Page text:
Fixing Random Hot or Dead Pixels

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Most DSLR video guys would never notice this problem, but for photographers, it's something that happens pretty often. If you've been doing long exposures or dark images and have been seeing some stray / hot / or dead pixels, here's a tip to try before sending the camera in. This has been implemented in DSLR cameras for a very very long time and is a way to remap these pixels (hide the bad ones). Is this some type of hack job? Actually, no. Many cameras will do this automatically on start up or shut down, and it's almost impossible for any chip with millions of pixels to be 100% perfect. Here's how you do it.

First remove any lens on the camera and place the body cap. You can actually do this with a lens, but you're more prone to 'light leaks'. Place the DSLR Body cap on and for safe measure, you might want to cover it again with a dark cloth, tshirt, or dark blanket. You basically want to keep any light from leaking into the camera while performing the cleaning.

Go to the Menu > Select Sensor Cleaning > Manual Clean.

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The Mirror flips open, the camera basically should expect every pixel to be completely black, but if it's finding some white or red ones, it should remap them. After about 30 seconds, turn the power off on the camera. Now go out and test out your long exposures or dark imaging to see if those same hot pixels still show up.

Here's another tip. If you plan on buying or selling a DSLR, you can also perform a test against your sensor to see these stray or hot pixels. You can leave a lens on the camera, but just cover it up completely to prevent light leaks or sit in a very very dark room. Set the lens to 'Manual Focus', set ISO to the lowest like 100, shutter speed to say 1/60th, and aperture doesn't really matter. We're not doing long exposure here, because we don't want to confuse a Dead pixel with ISO noise. Next, take a picture. The picture should come out 'mostly' black, but this test will show some stray red or white hot pixels (unless it's already been remapped which is OK). If you're shopping for that camera, and you can't seem to get rid of those stray pixels, consider if they are so bad they would render your work useless. Again, since HD video doesn't actually use all the pixels by the time it's resized down, Video shooters may not notice something like this as easily.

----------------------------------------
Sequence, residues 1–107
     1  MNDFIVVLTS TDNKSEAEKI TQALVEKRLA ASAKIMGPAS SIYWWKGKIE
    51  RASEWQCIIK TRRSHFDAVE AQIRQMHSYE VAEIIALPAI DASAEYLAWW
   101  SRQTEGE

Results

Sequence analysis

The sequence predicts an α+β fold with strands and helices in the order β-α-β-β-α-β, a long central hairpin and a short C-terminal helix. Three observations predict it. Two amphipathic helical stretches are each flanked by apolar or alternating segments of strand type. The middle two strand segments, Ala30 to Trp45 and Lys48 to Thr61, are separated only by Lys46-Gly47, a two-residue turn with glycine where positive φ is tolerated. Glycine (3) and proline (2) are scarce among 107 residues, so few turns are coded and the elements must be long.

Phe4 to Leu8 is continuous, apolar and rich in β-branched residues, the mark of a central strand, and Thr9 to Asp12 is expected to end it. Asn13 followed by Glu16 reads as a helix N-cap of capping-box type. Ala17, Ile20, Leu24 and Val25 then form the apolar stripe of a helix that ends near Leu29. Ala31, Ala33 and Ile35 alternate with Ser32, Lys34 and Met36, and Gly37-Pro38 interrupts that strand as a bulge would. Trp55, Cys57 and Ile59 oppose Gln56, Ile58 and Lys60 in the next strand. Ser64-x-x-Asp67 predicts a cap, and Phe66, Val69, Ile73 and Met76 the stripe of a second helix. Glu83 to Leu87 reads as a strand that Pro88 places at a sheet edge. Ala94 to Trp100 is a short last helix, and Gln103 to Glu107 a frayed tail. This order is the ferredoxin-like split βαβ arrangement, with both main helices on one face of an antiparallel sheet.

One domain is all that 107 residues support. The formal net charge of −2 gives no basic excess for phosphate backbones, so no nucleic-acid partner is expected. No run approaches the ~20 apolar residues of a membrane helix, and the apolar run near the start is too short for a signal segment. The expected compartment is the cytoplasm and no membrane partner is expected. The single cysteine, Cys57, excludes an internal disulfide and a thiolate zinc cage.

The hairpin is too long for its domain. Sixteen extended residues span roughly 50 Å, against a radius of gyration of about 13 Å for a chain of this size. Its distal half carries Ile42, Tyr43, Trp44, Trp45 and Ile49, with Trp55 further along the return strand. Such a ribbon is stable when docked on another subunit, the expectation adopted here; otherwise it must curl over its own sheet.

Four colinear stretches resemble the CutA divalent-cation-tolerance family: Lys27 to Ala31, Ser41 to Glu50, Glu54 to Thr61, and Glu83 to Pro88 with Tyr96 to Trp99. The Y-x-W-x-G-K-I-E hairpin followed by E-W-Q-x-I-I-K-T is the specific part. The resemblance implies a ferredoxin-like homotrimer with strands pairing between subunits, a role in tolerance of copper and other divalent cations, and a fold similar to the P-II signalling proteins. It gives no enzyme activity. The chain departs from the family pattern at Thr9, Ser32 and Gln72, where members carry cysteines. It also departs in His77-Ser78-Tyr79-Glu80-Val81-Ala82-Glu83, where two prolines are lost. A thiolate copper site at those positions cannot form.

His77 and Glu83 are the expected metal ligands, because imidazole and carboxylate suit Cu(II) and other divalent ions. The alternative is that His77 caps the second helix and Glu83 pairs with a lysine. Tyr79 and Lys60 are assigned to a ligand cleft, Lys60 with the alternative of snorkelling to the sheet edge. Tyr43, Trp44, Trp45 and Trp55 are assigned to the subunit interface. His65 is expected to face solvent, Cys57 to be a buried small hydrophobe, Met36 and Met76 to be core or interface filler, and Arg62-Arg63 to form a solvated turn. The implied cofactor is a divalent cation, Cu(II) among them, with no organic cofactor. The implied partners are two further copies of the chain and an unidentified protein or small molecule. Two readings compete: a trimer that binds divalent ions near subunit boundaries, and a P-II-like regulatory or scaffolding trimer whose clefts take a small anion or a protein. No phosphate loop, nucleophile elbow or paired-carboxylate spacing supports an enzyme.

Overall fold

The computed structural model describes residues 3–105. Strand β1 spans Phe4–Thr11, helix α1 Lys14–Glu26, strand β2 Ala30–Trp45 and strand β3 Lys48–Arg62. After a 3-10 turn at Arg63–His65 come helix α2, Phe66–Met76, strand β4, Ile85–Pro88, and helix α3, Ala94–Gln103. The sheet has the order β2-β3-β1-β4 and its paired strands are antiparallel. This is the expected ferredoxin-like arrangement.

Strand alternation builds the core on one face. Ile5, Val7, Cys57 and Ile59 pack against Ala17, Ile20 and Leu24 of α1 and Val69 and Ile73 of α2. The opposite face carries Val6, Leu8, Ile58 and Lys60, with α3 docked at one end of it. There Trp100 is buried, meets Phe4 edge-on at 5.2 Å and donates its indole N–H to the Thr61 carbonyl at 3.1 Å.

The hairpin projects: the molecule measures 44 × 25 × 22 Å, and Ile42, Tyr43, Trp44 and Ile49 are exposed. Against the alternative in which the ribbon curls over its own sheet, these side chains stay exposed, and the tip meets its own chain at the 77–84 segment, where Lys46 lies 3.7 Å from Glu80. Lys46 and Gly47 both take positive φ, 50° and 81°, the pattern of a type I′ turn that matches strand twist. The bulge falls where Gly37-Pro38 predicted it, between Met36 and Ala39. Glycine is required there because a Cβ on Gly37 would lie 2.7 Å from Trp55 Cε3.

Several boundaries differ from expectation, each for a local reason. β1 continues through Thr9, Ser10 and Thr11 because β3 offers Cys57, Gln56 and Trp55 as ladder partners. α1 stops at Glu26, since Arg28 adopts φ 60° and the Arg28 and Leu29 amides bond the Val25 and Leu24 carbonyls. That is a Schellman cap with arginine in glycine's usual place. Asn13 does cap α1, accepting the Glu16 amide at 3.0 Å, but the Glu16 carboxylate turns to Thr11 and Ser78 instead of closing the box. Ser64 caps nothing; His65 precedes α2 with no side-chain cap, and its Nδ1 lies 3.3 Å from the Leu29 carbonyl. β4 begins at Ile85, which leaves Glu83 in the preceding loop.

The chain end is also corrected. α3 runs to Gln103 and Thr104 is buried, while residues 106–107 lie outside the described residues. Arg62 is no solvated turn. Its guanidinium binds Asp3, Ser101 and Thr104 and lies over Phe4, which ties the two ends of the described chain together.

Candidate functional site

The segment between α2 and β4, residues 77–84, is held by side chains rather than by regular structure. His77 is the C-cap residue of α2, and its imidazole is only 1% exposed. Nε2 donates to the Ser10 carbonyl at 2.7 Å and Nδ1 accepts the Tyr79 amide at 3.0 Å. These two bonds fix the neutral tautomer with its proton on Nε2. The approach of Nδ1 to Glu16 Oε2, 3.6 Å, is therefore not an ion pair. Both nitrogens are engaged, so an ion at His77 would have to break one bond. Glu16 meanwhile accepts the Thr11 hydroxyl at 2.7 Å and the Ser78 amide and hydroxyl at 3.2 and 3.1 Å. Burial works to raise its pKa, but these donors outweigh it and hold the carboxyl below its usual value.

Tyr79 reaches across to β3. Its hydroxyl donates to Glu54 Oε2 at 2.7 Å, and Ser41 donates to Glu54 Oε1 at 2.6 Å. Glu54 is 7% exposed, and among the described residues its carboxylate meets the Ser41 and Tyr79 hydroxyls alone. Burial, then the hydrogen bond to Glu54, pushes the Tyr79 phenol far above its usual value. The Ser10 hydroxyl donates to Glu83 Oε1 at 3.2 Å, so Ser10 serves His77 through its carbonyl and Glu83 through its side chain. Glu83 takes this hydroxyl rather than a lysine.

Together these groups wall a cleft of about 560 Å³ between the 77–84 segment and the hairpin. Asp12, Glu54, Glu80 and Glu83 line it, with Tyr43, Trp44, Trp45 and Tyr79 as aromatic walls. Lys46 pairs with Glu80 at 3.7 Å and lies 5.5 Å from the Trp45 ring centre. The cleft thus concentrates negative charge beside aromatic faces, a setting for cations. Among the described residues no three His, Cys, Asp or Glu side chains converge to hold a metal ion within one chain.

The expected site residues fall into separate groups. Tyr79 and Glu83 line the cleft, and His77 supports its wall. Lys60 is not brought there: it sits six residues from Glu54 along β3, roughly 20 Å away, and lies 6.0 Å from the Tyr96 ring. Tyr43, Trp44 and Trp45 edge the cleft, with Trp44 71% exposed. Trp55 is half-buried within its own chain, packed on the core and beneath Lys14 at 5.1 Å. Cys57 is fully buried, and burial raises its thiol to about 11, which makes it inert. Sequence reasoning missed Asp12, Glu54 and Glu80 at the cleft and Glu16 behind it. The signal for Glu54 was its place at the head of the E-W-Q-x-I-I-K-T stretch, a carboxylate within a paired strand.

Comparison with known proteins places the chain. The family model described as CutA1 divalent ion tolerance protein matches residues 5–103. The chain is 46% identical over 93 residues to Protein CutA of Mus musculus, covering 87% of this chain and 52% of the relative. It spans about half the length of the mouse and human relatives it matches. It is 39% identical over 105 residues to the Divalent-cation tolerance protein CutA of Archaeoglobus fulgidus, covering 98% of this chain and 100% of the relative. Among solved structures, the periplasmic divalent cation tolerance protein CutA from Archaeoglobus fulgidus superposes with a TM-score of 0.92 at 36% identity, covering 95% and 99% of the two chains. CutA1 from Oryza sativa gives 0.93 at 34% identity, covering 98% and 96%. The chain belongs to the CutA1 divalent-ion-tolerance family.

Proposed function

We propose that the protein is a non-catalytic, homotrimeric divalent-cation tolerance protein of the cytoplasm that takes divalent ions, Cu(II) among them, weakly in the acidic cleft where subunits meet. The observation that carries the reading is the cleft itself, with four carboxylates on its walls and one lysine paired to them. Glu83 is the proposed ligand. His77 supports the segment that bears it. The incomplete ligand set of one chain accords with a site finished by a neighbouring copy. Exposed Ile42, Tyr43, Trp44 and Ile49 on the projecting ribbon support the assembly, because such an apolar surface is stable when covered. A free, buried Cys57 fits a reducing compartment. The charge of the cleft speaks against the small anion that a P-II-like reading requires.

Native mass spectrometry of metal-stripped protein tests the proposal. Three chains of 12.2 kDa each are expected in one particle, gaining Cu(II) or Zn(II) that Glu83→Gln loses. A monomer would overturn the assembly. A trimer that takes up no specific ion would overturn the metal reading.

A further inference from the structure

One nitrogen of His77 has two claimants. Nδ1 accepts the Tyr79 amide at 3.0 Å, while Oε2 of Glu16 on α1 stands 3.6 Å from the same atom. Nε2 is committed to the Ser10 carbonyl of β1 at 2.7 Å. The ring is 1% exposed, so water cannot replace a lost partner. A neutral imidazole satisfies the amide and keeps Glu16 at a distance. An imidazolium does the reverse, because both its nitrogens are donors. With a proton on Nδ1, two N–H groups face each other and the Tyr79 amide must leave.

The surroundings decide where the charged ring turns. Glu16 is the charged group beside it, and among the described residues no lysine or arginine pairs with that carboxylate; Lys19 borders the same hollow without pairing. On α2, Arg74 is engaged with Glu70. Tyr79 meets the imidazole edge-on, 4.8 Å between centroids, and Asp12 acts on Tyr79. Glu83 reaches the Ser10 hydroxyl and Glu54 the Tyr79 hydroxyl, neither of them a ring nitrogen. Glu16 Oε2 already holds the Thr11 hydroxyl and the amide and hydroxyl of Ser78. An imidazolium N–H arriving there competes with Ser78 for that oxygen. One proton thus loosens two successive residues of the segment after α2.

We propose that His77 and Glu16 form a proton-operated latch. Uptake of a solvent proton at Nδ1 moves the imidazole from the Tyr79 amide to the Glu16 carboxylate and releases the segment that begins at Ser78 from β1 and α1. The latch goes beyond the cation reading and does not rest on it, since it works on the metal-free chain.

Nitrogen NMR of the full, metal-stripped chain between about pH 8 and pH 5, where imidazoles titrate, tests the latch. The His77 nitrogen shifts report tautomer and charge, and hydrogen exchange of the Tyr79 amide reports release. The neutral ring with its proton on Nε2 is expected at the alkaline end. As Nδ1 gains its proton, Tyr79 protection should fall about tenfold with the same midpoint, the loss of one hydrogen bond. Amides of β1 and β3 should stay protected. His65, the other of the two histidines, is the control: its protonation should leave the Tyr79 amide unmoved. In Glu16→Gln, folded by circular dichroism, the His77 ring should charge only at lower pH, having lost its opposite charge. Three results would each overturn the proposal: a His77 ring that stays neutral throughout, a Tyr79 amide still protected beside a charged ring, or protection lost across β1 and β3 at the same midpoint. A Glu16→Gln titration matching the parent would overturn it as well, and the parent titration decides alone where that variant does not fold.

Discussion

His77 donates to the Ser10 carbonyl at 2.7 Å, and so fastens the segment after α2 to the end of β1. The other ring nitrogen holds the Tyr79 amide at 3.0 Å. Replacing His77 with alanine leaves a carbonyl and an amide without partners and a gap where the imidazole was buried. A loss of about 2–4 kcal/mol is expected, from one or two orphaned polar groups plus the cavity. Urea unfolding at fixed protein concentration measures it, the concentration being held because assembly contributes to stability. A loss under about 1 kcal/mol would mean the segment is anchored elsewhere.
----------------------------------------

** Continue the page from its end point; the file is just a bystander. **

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33 thoughts on “Fixing Random Hot or Dead Pixels

  1. M. Sirgany

    Thank you so much for the tip. I just bought Nikon D750 when I shoot Video with it I noticed a red pixel that flicker. I was very frustrated cause I just got it and I couldn't believe that I will send it away may be for 1 month to the nearest Nikon service center to fix this issue. I searched and finally found your advice I tried and I was not sure that this will do a difference but actually I was extremely surprised that this tips worked for me.
    Really thank you for sharing your experience. :)

  2. This worked for me on my Canon T3i. I had a red pixel on the left side of my display for probably over a year now, maybe close to 2; I bought the camera in early 2012. The pixel showed up in pictures after they had been uploaded, too, so this was especially annoying. The "automatic clean" and "clean now" options would not work, and I had never tried the manual cleaning option because I assumed that was for carefully cleaning the insides of it yourself. This method worked, though.

    Here's to hoping the picture stays clear!

  3. V.K.

    IT WORKED!

    I recently purchased a T3i and shot a bunch of pictures and video only to see 2 cyan pixels in every shot. I was ready to return the camera when I saw this and it totally fixed my problem. Thank you so much. I love this camera.